Intracoronary alpha 2-adrenergic receptor blockade attenuates ischemia in conscious dogs during exercise.
Studies on the role of alpha-adrenergic constrictor tone in the coronary vascular bed during ischemia were performed in dogs running on a treadmill. The animals were instrumented with a left ventricular pressure transducer, and regional systolic wall thickening (%WTh) was assessed by sonomicrometry in the anterior and posterior walls of the left ventricle. An intracoronary catheter was implanted chronically in the circumflex coronary artery, and a hydraulic cuff was placed proximally around the artery. After beta-adrenergic blockade with propranolol (0.8 mg/kg i.v.), acute stenosis of the coronary artery was performed during running in five dogs to induce severe regional myocardial dysfunction in the posterior wall. Intracoronary infusion of the selective alpha 2-adrenergic blocking agent idazoxan (80 micrograms/kg) improved %WTh in the ischemic region from 5.1 +/- 1.6 to 10.8 +/- 2.8% (p less than 0.05), without any significant effect on the anterior wall. Blood flow to the subendocardium of the posterior wall (radioactive microspheres) increased from 0.17 +/- 0.05 to 0.45 +/- 0.30 (ml/min)/g (p less than 0.05). It is concluded that in exercising dogs subjected to beta-adrenergic blockade, significant postjunctional alpha 2-adrenergic receptor-mediated coronary vasoconstriction exists, even during severe ischemia. Regional alpha 2-adrenergic receptor blockade can reduce regional ischemia and improve contractile function by attenuating exercise-induced sympathetic vasoconstriction in this conscious animal model.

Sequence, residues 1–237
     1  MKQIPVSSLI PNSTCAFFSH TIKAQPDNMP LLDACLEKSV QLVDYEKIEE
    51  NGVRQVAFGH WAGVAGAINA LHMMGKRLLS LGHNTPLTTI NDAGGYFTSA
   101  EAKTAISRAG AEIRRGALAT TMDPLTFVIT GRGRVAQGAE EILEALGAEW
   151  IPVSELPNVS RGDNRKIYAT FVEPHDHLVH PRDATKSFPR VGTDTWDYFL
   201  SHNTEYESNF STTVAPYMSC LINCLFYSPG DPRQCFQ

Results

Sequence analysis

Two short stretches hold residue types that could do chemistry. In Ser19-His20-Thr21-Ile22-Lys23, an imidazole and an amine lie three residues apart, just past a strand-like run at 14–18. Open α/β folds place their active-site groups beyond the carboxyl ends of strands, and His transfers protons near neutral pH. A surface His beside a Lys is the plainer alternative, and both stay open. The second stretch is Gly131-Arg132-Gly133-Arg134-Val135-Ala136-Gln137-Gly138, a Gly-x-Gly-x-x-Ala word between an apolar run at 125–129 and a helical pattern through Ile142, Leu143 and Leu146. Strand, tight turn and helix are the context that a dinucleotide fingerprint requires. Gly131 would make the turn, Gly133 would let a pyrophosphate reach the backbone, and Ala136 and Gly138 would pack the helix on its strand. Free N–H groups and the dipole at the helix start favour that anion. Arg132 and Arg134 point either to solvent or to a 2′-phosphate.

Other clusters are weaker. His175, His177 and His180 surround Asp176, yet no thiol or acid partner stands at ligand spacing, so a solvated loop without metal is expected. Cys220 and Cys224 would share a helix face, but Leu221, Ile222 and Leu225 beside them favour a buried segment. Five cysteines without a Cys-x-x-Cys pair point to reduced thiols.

- Copyright © 1988 by American Heart Association